Thomas A. Smith had two daughters from his first marriage and two step-children from his second wife. In 1996, shortly after his second wife’s death, he changed the beneficiary designation on a $100,000 life insurance policy so that the four children would share the policy proceeds equally. In 1998 he apparently decided to change beneficiaries to name only his two daughters. Unfortunately, the paperwork was somehow misplaced.

Mr. Smith signed an entire collection of documents in 1998. He created a revocable living trust, with a provision that on his death all assets would be divided between his two daughters. His longtime financial planner, Bryan Behrens, was identified as successor trustee, to take over in the event that Mr. Smith became unable to handle the trust’s finances. He also signed a power of attorney naming Mr. Behrens as his agent.

At the same time that he signed the other documents, Mr. Smith signed a new beneficiary designation form for the life insurance policy. The new form directed that the policy proceeds would be paid to the trust, and thus to his daughters. According to both Mr. Smith’s attorney and Mr. Behrens, the form was mailed to the insurance company that same day.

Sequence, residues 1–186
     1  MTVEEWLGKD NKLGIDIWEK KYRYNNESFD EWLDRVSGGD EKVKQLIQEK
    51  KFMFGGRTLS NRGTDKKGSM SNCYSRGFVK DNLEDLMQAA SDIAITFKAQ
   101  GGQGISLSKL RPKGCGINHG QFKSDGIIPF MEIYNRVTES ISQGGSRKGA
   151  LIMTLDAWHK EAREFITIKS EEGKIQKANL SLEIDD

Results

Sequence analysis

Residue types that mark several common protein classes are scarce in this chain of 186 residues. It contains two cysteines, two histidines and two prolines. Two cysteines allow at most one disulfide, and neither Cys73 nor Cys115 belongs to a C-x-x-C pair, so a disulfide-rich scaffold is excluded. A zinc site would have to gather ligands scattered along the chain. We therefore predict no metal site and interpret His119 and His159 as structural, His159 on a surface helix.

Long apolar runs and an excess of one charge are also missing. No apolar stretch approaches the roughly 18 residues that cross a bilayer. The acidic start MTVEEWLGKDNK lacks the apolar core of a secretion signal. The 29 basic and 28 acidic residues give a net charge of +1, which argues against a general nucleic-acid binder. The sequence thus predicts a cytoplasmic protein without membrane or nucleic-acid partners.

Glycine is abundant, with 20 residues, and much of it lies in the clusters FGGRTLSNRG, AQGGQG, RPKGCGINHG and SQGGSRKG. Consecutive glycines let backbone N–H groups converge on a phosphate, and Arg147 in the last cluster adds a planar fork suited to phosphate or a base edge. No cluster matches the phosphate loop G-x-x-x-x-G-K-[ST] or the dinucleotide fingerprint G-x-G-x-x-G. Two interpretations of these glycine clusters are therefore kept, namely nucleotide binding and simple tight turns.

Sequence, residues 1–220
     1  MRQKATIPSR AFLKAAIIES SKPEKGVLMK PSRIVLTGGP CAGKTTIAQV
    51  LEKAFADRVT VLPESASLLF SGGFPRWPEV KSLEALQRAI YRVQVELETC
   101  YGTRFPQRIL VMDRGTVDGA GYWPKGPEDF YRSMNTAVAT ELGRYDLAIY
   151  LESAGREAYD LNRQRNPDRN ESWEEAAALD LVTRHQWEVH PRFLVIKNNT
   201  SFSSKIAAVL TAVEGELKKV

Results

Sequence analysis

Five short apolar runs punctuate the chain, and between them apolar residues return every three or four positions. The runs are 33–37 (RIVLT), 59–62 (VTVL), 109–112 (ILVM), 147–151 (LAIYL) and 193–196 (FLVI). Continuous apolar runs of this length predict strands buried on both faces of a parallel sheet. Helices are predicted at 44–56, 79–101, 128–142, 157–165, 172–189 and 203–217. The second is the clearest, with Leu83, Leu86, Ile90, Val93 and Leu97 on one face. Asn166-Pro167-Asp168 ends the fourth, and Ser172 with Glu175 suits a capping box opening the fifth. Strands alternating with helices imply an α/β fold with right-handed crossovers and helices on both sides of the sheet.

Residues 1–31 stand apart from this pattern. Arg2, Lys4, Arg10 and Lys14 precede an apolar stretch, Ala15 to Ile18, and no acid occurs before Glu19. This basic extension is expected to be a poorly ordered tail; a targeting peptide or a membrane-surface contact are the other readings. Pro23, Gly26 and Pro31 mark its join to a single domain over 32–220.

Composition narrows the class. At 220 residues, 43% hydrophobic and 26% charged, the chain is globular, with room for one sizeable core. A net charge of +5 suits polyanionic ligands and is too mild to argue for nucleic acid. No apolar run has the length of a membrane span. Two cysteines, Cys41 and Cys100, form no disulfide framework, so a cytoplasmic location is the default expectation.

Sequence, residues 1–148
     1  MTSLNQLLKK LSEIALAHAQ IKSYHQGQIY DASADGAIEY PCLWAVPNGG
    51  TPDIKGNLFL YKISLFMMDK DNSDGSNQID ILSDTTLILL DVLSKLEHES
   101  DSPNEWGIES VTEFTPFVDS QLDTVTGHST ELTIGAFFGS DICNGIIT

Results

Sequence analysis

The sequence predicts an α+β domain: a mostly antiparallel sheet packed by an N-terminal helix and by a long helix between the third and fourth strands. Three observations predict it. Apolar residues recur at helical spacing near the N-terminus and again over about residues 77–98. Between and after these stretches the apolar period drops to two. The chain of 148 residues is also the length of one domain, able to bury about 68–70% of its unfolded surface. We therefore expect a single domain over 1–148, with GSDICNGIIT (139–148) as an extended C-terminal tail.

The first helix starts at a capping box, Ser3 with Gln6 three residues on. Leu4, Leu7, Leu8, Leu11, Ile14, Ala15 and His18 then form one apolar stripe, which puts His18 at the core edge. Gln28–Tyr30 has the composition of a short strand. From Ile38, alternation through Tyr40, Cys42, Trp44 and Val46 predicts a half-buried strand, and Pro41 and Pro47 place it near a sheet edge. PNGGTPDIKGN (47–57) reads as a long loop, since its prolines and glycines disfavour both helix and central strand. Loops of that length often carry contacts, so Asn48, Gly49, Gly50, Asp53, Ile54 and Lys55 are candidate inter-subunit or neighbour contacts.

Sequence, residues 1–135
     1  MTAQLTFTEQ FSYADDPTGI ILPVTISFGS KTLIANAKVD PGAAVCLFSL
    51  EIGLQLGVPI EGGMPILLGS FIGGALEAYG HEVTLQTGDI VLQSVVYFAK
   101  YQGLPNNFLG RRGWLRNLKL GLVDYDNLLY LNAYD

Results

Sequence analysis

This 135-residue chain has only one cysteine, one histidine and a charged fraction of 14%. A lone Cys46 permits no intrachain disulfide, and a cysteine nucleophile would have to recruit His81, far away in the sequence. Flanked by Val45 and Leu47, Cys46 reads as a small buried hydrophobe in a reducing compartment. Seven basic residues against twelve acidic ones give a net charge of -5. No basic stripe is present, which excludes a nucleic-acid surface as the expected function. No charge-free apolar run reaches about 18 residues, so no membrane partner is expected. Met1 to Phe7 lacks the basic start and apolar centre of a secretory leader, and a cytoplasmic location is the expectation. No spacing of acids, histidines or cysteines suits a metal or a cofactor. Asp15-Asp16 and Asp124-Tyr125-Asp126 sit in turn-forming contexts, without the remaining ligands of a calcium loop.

Three years later Mr. Smith was on an out-of-state vacation when he became ill. He began to worry about the life insurance beneficiary designation, because he could not remember receiving a confirmation of the change. He asked Mr. Behrens to check on its status for him.

Mr. Behrens called the insurance company and found that the form had never been received. Rather than delay further, he simply signed a new beneficiary designation form as Mr. Smith’s agent, using the durable power of attorney. Mr. Smith died just eight days after Mr. Behrens signed the new form.

The insurance company could not decide whether to pay the life insurance benefit to Mr. Smith’s trust or to the four children directly. It filed an action called an “interpleader,” in which it submitted the policy proceeds to the court and asked the judge to decide who should receive the money.

The Nebraska Supreme Court was faced with an interesting question. Can an agent named in a durable power of attorney change beneficiaries on the principal’s life insurance policies? At least under Nebraska law, ruled the Justices, the agent had that power in this case—partly because the agent was a neutral person and received no benefit from the change himself. First Colony Life Insurance Company v. Gerdes, March 19, 2004.